In a clip from a recent LEI webinar, a Dutch Ministry of Infrastructure advisor shares how this 9,000-person organization works together to understand and deliver what their customers value in waterway and roadway infrastructure. Find a lightly edited transcript below.
I can only emphasize this to all of you who are part of corporate: go to where your customer is. So, together with the people and also our customers, we organized multiple series of kaizens. See one here with the brown paper. All the people, [contributed to] what is it that we need to have and what should be our process to get there. And what we did is: the departments that wanted a new object as soon as possible, we put together in front of the brown paper, because it’s the departments that are responsible for finding the sustainable solutions. So we put them in one room. And what we try to do is to design customer value together and meet each other in the process and design a common process.
That was not an easy task. It was not an easy task. And people even got emotional doing that. But, I think we got there.
It was easier said than done, and there’s no wrong or right in this. Everybody is right, and all are willing to deliver optimal customer value, talk to customers, and understand what the customer wants. So as an organization, we talked, we learned to talk about the process together. We did it shoulder to shoulder, so we learned that it’s much better to talk about the process than to talk to each other. And that’s a big, psychological difference.
We needed to find a way to travel the journey together. And that’s what I would like to tell you a little bit more. Of course, we did PDCA, PDCA [Plan-Do-Check-Act] all the time. It sounds easy, but in reality, it is difficult. That means that you have to go back to the customer and ask, “What do we really want?” We have a lot of superior knowledge. And we have people that love extreme engineering that you’ve seen in the movie about all the different storm surge barriers we have. And we love to do this. But, we need to make sure that we do this extreme engineering in relation to what the customer wants.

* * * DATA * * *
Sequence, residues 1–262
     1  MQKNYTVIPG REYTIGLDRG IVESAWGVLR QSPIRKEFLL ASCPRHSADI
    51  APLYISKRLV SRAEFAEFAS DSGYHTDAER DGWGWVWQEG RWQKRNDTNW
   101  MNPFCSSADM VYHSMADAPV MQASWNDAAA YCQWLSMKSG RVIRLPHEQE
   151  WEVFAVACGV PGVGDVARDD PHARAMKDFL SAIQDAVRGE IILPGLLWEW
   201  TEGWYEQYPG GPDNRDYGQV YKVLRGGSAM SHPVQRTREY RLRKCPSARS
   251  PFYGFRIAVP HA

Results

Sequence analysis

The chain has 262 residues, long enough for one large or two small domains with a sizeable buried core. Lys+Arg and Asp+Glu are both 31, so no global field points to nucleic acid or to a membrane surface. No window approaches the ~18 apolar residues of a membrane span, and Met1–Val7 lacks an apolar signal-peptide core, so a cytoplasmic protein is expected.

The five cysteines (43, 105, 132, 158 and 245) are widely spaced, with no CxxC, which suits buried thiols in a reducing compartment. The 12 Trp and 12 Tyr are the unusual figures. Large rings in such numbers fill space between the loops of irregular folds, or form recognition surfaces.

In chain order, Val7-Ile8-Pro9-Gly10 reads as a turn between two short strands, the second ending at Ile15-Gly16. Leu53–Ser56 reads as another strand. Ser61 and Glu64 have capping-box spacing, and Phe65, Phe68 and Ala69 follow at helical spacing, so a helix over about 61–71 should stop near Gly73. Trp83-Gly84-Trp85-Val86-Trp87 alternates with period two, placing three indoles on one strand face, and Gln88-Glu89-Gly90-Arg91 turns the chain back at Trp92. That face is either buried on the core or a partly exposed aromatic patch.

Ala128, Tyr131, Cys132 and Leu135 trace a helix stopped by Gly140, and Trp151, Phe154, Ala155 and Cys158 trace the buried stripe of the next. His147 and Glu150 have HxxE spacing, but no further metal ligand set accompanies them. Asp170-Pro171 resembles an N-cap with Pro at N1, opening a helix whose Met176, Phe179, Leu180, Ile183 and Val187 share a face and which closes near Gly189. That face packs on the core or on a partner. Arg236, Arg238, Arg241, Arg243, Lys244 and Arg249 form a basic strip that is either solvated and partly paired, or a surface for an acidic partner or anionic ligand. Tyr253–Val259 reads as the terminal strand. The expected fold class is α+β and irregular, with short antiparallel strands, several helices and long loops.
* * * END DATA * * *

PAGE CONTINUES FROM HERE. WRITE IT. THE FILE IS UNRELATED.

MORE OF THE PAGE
So what we did, we created a team—the team I lead together with my colleague—where all these people … are a part. And we said, “OK, what are our goals?
You can see, in the little circle, the goals are in the middle, and then who are stakeholders and who do we need to talk to?
So we created a communication scheme, [so we] talked to our stakeholders, and we talked to our customers on a regular basis. And this communication scheme, this little thing in the middle here, is one of the things that’s been critical to success. And of course, with our teams, we had visual management and the weekly team meeting. By the way, when Covid hit us, we changed quite fluently to working on Microsoft teams.
So, one of the results of these kaizen series was a process on brown paper that we would like to do for the future.
Well, the challenge we have, we have 9,000 people, and around 3,000 are working in our process. The challenge is to have one way of communicating with these people. So what we did is we have a clickable process view; it looks like a very simple process overview, but you can click on it, and it expands. And on many layers of information, there are layers with best practices, all the necessary forms, and documents, which we designed together with the responsible departments. And this clickable process view, made by three ladies on my team: that was an absolute turning point and toward organization-wide access.
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